Peter Albin grew up in San Francisco and initially arrived on the city's booming folk music scene in the early '60s as a guitarist. In tandem with drummer Chuck Jones and fellow guitarist Sam Andrew, he formed the core of the group that became Big Brother & the Holding Company. Albin had a very melodic guitar style that was pleasing to the ear, but he later switched over to bass and opened the way for his friend Jim Gurley -- who had a much more distinctive and experimental approach to the instrument -- to take the second guitar spot (occasionally Gurley or Andrew would switch to bass so that Albin could play some guitar). Albin was also the group's original lead singer, a fact often overlooked because of the fame that the band later achieved with Janis Joplin in the lead vocal spot -- he continued to contribute vocals after her arrival, however, and moved back into the spot following her departure.
Albin and company were a fine folk band, and could play the blues well for a white band, but Joplin was convinced -- unwisely, many would say -- by the spring of 1968 that she could do better, and parted company with Big Brother. Suddenly left high and dry, Albin, along with drummer David Getz, joined Country Joe & the Fish for a good chunk of 1969, but were back with Big Brother by the end of the year and trying to establish a post-Joplin career. The group actually released a pair of albums, Be a Brother and How Hard It Is, on Columbia in 1971, but never attracted more than a fraction of the audience or the press that they'd gotten with their classic lineup.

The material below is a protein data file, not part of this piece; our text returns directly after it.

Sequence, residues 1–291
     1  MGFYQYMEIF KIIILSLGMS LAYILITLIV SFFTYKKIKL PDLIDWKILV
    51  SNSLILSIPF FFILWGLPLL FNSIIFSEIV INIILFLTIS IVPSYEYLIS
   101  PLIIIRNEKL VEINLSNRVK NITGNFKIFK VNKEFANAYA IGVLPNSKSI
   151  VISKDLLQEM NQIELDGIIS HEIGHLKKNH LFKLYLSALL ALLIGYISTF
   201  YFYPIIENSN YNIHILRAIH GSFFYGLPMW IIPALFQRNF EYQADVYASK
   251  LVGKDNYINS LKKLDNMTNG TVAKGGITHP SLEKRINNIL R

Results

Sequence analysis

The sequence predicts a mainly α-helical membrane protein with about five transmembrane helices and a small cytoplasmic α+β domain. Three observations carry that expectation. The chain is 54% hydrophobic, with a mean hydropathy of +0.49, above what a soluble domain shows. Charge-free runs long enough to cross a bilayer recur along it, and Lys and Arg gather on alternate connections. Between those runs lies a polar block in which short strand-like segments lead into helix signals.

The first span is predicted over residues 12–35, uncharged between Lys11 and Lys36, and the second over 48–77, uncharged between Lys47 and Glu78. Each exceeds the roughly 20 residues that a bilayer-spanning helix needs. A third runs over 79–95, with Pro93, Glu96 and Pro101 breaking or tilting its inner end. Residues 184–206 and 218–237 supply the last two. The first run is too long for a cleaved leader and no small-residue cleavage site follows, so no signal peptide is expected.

Albin has since played periodically with Country Joe McDonald and Barry Melton, as well as with the reactivated Big Brother. He was also the founder during the early '80s of the Dinosaurs, a jocularly named ensemble of veteran Bay Area musicians from the 1960s, including Melton and other past musical associates. He remains an active member of Big Brother & the Holding Company in the 21st century.